'We are in a sick market,' warns veteran trader Art Cashin

  • Forget a bull or bear market — "We're in a sick market," says UBS' Art Cashin.
  • Cashin likens it to a person who is cautious after a cardiac event. "Markets get like that after they get banged around."
  • He would be careful if the S&P gets back down around the 2,350 area.

The stock market isn't feeling well these days, veteran trader Art Cashin told CNBC on Thursday.

Asked whether this is a bull market or bear market, the UBS director of floor operations at the New York Stock replied, "We're in a sick market."

"It has been very healthy for the first two-thirds, if you would, or three-quarters of last year and now it's beginning to develop some signs of weakness," he said on "Power Lunch."

Cashin likened it to a person who had a cardiac event. He or she is careful in the days that follow and need to figure out how far he or she can walk.

"Markets get like that after they get banged around. They're cautious," he said.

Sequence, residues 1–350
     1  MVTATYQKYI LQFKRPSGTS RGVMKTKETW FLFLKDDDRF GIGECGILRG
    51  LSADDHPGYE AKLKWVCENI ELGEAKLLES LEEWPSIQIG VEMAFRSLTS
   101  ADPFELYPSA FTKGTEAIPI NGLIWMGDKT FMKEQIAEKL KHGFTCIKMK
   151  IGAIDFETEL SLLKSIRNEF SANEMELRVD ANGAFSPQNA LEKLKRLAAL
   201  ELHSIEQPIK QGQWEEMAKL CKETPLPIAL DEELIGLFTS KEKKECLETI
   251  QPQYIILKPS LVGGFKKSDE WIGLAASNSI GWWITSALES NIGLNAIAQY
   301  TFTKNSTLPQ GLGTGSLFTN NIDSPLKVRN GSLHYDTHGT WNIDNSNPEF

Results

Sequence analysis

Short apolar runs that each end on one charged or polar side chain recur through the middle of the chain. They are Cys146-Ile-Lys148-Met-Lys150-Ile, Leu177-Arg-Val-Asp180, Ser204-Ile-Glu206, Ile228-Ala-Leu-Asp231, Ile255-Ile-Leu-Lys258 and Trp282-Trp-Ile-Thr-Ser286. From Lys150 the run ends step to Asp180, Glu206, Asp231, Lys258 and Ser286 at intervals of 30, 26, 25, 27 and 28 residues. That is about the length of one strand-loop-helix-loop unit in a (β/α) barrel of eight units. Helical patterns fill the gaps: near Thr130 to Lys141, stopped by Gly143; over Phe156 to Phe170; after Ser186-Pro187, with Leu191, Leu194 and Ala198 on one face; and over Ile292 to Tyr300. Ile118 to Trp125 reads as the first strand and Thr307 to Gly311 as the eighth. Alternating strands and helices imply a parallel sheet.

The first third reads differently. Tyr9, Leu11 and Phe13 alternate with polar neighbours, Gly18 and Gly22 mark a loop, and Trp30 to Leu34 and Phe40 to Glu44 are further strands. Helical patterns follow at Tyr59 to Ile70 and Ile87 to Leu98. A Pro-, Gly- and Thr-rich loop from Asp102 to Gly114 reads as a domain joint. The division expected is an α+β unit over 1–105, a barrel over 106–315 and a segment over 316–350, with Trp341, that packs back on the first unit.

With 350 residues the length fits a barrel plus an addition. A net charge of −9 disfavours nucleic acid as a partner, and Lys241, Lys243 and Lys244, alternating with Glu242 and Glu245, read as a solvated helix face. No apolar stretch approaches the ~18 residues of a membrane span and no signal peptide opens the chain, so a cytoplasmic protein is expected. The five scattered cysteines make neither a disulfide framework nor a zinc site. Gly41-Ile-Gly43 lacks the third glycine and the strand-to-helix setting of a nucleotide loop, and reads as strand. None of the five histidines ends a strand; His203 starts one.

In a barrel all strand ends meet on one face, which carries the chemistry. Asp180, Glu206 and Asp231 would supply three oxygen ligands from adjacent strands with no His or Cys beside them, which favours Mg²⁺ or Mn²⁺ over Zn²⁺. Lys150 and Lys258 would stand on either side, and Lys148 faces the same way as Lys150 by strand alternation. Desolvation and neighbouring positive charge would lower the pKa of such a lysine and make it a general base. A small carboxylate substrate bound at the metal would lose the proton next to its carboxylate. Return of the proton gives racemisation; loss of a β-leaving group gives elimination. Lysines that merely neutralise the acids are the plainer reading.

Volatility has rocked the market of late, with sell-offs in late 2018 and a wild ride that saw the Dow Jones Industrial Average post its worst December performance since 1931. The blue-chip index also soared 1,000 points on Dec. 26, its biggest ever single-day point gain. Both the Dow and the S&P 500 ultimately ended the year down 5.6 percent and 6.2 percent, respectively. It was their biggest annual losses since 2008.

The rockiness continued into the new year. On Thursday, U.S. equities dropped sharply after Apple lowered its fiscal first-quarter revenue guidance and a weaker-than-expected reading on the U.S. manufacturing sector.

Cashin said he hasn't seen selling get to the point of capitulation, which is when investors give up trying to recapture what they lost in a sell-off.

"They get close but they don't quite get there," he said. "I'd like to see it kind of purge a little bit and then I would be far more relaxed to see them go up. But now we're fighting each crisis every day."

He would be careful if the S&P gets back down around the 2,350 area.

"Continued erosion, selling off and not bouncing is going to make the market feel worse," Cashin said.

— CNBC's Fred Imbert contributed to this report.

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